The Church and Politics (Part 5): How God Allocates Power

We continue the series, The Church and Politics. Last week we looked at the rebel federation of Satan in Axis of Evil. To read past episodes of The Church and Politics, please go to -church-and-politics/

When it comes to politics, some Christians view the world as a bipolarity of “saints versus the world”. It’s a completely false paradigm with no pragmatic or strategic value. Such a mind-set betrays lack of understanding about the very nature of politics, portrays lack of sophistication and parades poor scholarship of scriptures. There’s the erroneous belief God allocates power based on human goodness. Nothing could be farther from the truth. Of the 22 kings who ruled the Kingdom of Israel between 1047 BC and 723 BC, only 4.5% were determined good; 86.4% were considered terrible. (9.1% were conflicted). Yet God gave all those people political power, and we shall see why.

ALL political power proceeds from God, whether held by good or bad people. The Psalmist wrote, “God has spoken once, twice I have heard this: That power belongs to God.” (Psalm 62:11 AMP) ALL political power belongs to God: “He controls the course of world events; he removes kings and sets up other kings.” (Daniel 2:21 NLT) And so the question of divine allocation of political power is much more sophisticated and much more complicated from an aerial perspective.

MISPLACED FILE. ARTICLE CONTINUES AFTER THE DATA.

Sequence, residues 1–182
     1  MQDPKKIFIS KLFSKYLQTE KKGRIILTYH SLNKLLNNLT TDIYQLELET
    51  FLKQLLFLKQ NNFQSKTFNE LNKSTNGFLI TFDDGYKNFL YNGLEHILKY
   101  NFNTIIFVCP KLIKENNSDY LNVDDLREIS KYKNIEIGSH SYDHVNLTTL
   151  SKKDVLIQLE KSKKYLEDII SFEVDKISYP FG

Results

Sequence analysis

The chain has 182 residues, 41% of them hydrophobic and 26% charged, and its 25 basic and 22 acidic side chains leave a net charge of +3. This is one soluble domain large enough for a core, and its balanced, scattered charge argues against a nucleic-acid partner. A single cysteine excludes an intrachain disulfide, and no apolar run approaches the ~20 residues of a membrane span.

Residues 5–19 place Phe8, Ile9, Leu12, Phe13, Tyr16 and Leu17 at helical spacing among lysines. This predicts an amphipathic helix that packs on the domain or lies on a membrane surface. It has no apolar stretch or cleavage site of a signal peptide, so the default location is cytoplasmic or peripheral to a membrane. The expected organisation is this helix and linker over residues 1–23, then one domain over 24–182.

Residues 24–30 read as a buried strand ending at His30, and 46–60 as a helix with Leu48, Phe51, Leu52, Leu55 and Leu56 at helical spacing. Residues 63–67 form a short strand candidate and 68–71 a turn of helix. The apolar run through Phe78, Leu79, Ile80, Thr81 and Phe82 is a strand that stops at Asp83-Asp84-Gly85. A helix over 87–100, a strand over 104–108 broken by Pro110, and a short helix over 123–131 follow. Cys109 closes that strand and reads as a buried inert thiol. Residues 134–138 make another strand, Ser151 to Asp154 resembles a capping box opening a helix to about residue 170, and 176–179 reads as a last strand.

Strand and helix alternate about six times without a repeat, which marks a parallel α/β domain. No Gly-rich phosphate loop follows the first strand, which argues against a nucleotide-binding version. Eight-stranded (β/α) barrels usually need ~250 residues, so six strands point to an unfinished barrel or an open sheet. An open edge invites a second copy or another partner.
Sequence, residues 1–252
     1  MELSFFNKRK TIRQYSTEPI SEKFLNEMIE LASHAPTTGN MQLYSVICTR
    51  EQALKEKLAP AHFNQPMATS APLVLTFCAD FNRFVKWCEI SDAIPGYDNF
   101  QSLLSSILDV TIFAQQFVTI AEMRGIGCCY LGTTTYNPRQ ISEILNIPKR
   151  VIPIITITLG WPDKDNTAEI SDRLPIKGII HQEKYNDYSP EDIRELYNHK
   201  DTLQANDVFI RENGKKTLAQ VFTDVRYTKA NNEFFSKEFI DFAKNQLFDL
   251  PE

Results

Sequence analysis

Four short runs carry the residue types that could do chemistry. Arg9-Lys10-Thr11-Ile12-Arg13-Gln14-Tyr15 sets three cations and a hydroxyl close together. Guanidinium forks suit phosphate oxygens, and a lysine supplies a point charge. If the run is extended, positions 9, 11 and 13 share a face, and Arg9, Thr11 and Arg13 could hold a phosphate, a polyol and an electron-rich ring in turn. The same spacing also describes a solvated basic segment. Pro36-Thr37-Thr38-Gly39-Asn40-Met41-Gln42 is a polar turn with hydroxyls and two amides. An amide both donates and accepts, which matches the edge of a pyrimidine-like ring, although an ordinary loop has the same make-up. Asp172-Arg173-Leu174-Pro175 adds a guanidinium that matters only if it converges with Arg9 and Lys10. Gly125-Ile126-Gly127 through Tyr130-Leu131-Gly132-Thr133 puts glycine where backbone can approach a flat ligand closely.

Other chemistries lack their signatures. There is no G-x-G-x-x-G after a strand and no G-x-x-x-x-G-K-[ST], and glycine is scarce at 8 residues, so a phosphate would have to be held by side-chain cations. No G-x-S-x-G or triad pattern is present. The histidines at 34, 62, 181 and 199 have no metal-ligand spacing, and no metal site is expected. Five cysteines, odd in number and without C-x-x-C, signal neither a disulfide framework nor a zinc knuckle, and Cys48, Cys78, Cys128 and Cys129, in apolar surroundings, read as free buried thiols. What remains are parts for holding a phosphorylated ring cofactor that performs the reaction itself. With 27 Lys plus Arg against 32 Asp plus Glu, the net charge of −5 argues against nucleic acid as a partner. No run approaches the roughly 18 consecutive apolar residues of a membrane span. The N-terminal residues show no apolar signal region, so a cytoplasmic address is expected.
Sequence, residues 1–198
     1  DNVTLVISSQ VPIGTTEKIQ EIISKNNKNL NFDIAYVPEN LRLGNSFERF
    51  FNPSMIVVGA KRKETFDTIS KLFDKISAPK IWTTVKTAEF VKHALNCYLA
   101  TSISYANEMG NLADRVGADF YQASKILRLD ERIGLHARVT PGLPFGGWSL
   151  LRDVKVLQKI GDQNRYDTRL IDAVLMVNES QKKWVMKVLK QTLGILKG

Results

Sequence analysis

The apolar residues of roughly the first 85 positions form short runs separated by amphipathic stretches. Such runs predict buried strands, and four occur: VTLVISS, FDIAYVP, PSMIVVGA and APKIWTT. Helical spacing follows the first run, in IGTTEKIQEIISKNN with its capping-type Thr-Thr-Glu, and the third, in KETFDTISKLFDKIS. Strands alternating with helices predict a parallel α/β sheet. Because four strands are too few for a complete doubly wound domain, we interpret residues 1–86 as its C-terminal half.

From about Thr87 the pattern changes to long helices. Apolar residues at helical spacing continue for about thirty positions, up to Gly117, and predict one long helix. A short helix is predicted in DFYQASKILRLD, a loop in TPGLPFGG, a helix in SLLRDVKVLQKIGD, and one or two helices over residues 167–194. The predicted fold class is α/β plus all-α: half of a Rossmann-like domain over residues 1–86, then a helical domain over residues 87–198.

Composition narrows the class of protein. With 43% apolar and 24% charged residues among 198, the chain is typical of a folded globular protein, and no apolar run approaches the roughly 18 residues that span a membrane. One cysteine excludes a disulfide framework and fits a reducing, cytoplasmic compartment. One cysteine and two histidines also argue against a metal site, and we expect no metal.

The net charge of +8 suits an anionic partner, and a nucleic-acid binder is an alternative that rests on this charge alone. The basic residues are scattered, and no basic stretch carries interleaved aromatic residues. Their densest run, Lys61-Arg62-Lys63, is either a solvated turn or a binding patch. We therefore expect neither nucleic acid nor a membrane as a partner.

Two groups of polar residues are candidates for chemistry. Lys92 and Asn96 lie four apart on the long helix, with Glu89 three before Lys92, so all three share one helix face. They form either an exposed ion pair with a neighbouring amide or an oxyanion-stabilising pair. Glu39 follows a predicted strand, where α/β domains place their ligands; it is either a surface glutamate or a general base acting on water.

The simplistic notion of morality as a basis of God’s donation of political power cannot accommodate human history. Some people are given political power to facilitate prophecy. Some are political triggers for events that are yet to take place. It’s why they’re given political power by God. And some are trajectories of the arrow of destiny. God does not allocate political power based on human goodness though there were good kings in Israel. Some of the people he gave power were even hostile to him, had no fidelity to him. This moral equivalence will be difficult for some to process or accept but the facts are there in scriptures. Interpretation of scriptures must be evidence-based.

Nebuchadnezzar, king of Babylon (605 BC – 562 BC) was not a good man. He was idolatrous, irascible, volatile, sadistic, oppressive, brutal, rash… Yet God gave him political power. He conquered the world. And he conquered God’s people – Judah and Jerusalem, completely destroyed the Temple and most of Jerusalem. He carried off the remaining people into captivity in Babylon. Nebuchadnezzar was ironically God’s instrument of judgment against Judah for her idolatry, unfaithfulness and disobedience. This had been prophesied by Jeremiah: “I will gather together all the armies of the north under King Nebuchadnezzar of Babylon, whom I have appointed as my deputy. I will bring them all against this land and its people and against the surrounding nations. I will completely destroy you and make you an object of horror and contempt and a ruin forever. I will take away your happy singing and laughter. The joyful voices of bridegrooms and brides will no longer be heard. Your millstones will fall silent, and the lights in your homes will go out. This entire land will become a desolate wasteland. Israel and her neighbouring lands will serve the king of Babylon for seventy years.” (Jeremiah 25:9-11 NLT) Nebuchadnezzar was so oppressive and authoritarian that Daniel, his top adviser once pleaded with him to change his ways in order to avert God’s imminent judgment: “King Nebuchadnezzar, please accept my advice. Stop sinning and do what is right. Break from your wicked past and be merciful to the poor. Perhaps then you will continue to prosper.” (Daniel 4:27 NLT)